Monday, April 25, 2011

Finding the Weird Words (Vocab and Gmail Corpus Part I)

Today, I can finally begin to analyze the text of my Gmail Chat corpus.

My first thought is that IM text is probably somehow different from speech and pre-planned text: books, articles, letters, etc. After the rather painful process of piecing together Perl scripts to divide my corpus between the text I wrote and the text other people wrote, I ran those two files through Laurence Anthony's great AntWordProfiler, which compares a text against the General Service List and Academic Word List.

The GSL and the AWL are general vocabulary lists designed to help ESL teachers give learners of English the most useful vocabulary first. While English has one of the largest lexicons (if not the largest) in the history of language, about 80% of most texts are comprised of a few thousand very common words. The 2000 "most useful" of these words are the GSL. The AWL adds words that appear in basic academic texts and newspapers.

AntWordProfiler divided the words from my texts into four categories: those that were found in the first thousand words of the GSL, those that were found in the second thousand, those that were found in the AWL, and those that were not found in either the GSL or the AWL. While not completely accurate, one might consider the results as being divided between "very frequent", "frequent", "somewhat frequent", and "not found".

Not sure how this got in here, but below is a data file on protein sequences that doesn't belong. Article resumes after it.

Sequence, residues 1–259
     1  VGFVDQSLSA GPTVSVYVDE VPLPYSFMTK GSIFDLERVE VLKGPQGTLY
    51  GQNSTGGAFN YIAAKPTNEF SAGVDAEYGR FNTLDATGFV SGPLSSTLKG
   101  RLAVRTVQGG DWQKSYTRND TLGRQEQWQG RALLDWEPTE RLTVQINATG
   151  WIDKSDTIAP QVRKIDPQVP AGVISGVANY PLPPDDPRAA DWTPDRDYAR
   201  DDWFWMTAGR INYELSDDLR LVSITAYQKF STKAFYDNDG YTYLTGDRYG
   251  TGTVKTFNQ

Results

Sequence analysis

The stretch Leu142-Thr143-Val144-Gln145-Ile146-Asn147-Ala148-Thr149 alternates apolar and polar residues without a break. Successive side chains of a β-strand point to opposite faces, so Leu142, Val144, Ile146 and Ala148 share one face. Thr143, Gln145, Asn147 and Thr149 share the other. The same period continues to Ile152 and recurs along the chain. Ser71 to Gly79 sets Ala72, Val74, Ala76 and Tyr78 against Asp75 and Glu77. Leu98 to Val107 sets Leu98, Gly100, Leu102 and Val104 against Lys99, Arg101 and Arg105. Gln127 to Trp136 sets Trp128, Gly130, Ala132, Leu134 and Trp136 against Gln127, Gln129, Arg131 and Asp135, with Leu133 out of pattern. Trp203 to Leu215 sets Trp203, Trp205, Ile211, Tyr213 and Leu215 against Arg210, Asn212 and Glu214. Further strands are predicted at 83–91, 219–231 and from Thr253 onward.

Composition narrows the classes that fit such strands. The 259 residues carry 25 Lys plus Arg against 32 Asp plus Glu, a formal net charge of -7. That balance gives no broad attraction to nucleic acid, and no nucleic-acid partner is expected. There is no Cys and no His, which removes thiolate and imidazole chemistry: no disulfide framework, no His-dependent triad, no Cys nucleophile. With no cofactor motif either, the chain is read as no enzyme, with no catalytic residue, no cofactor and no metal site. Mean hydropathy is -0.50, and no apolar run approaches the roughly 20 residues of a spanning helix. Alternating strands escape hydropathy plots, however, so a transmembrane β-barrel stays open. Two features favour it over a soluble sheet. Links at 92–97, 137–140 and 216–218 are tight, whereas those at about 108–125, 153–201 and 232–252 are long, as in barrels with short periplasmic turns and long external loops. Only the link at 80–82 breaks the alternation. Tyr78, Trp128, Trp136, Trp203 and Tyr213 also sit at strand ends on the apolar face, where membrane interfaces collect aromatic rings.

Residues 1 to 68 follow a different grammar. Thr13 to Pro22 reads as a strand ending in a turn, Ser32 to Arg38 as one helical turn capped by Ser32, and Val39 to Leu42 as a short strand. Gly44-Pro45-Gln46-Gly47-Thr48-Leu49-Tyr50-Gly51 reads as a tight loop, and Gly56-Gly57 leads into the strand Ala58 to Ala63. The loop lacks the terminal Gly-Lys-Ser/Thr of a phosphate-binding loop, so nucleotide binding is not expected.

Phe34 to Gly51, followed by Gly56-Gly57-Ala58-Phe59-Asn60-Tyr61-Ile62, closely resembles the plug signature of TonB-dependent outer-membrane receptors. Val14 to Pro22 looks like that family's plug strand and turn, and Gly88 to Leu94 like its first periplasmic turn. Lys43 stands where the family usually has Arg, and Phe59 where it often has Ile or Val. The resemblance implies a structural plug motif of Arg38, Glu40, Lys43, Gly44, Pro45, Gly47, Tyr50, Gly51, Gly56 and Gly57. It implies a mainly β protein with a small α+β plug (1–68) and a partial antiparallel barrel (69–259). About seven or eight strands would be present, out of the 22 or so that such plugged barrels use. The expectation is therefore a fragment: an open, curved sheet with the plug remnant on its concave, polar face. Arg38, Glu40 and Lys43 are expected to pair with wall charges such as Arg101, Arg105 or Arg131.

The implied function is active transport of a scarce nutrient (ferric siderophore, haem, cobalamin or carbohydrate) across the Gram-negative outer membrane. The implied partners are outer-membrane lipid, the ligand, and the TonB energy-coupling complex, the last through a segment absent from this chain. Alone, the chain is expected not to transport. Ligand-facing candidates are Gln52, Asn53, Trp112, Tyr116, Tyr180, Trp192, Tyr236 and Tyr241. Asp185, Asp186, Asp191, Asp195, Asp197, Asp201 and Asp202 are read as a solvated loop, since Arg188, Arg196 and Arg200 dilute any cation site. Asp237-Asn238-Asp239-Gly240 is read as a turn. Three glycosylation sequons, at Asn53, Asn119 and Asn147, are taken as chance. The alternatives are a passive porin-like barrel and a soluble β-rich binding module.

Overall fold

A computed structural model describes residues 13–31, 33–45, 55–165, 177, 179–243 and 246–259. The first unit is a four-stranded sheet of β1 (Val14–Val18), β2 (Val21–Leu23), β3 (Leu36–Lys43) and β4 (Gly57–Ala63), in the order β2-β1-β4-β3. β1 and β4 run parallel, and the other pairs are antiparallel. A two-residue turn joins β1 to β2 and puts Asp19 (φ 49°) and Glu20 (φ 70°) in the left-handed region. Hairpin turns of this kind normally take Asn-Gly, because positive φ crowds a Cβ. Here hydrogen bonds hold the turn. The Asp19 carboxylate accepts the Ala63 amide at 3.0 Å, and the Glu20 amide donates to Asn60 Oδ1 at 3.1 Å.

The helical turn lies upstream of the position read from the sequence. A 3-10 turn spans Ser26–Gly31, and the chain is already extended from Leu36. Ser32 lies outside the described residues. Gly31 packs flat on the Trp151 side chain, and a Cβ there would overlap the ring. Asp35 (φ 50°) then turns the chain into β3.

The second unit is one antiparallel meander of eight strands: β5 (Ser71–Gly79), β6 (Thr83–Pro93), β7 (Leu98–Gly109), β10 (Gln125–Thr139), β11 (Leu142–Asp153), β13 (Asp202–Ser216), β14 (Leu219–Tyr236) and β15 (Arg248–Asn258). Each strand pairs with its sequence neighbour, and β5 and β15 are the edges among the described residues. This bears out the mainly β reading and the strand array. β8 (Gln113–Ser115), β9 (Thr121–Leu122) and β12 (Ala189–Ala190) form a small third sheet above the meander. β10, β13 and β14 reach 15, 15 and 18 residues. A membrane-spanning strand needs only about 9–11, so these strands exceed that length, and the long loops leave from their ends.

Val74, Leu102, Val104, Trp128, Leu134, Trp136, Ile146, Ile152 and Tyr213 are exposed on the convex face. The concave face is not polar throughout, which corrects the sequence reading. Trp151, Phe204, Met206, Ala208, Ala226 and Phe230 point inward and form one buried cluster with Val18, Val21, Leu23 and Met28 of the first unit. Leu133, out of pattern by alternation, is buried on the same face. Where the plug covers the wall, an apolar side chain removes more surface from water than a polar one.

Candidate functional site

This is the distribution of the four groups, divided in two between words typed by others and words typed by myself. I ended up using a lower percentage of K1 (first thousand) GSL words, and a higher percentage of off-list words. This is probably because my corpus of interlocutors' words includes more than 80 different people, of varying word-choice preference. As the average should be 80% K1+ K2 words, neither I nor my associates are more loquacious than the average bear. (Not true: Average bear K1 is probably 0; most bear speech is "Not in List".)

What I find most interesting, really, is how similar the two breakdowns are. The difference between the percentages of GSL K2 and AWL were a matter of fractions of a percent each, and both corpora show distributions predicted for normal English text, which indicates that instant messaging text is no different from speech or pre-planned text in its word choice (as opposed to, say SMS text, which almost certainly has a different distribution).

Next up: What was in that "Not in List" group? A look at my weird words.


  1. Interesting. My only question is whether there's an inherent bias in the people you most frequently chat with. I'm guessing they skew pretty heavily toward more literate text, no?

  2. Oh yes, and purposeful misspellings. But that should yield a smaller percentage of GSL words than the 80+ we're seeing.

    Also, I see what you did there.

  3. I am want see how me did on thing. Please.